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Ellis Island Exhibit Traces History of Pizza through Immigration

The National Park Service and Evelyn Hill Inc., the food service concessionaire at the Statue of Liberty since 1931 and Ellis Island since 2009, cooked up a way to celebrate pizza. The organizations invited five purveyors of one of America’s favorite foods to share their crusty craftsmanship and their founder’s immigration stories with a temporary exhibit in the Ellis Island National Museum of Immigration.

Those five pizzerias are Johnny’s, Kesté, Nellie’s Place, NY Pizza Suprema, and Posa PosaAs part of the pop-up exhibit in front of the Ellis Island National Museum of Immigration, they served slices of free pizza to visitors coming off the ferry on June 12.

The museum will trace the immigration stories of these five pizzerias and their impact on American cuisine. The pizza was invented in 17th century Naples and Italian immigrants brought it to America in the late 19th century at Ellis Island. From there pizza spread throughout New York, to Chicago, and to Seattle. Now, Americans consume more than three billion pizzas a year.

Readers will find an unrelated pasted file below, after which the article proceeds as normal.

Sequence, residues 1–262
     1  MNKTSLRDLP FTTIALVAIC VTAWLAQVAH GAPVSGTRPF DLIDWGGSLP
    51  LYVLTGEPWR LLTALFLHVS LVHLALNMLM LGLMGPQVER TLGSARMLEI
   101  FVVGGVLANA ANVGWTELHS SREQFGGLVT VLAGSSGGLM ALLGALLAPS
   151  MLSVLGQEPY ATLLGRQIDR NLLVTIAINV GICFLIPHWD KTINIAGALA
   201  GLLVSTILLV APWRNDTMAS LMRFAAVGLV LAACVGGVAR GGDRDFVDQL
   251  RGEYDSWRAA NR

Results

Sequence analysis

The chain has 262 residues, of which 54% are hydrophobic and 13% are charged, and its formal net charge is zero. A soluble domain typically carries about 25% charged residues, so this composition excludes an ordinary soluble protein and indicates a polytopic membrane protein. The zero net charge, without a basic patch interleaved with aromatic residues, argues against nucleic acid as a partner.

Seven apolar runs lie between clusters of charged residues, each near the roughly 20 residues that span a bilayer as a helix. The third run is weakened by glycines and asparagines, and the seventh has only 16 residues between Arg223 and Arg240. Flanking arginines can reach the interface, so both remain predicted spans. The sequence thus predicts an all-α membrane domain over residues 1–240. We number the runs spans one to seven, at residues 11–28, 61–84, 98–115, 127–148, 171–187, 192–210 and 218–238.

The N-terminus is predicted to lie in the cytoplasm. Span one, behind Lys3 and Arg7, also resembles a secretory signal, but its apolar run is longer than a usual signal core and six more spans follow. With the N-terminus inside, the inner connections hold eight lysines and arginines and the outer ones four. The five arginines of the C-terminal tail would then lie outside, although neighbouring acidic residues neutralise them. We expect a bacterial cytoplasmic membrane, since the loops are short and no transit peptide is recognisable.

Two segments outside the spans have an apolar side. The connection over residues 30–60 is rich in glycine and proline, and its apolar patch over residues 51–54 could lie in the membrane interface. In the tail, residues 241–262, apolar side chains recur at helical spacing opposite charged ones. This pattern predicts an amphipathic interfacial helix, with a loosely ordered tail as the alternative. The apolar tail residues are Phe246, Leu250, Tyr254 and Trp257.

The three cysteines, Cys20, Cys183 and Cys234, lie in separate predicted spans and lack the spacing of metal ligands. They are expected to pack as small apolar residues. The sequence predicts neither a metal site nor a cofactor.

“Food is a tangible and fun way to connect our visitors to the story of immigration,” said John Piltzecker, superintendent of the Statue of Liberty National Monument and Ellis Island. “And who doesn’t love pizza? The stories of the families that run the pizzerias represented in this exhibit will connect our visitors to immigration history and bring it alive.”

“This is our third year of doing a food exhibit tied to family immigration stories,” said Bob Uffer, Chief Operating Officer of Evelyn Hill Inc. “I love how people’s faces light up as they come off the ferries and are surprised to be offered a slice of pizza. We’ve placed the exhibit at the entrance to our café so our visitors get a slice of history and enjoy one of the world’s favorite foods. That’s a win-win.”

The exhibit will run until October.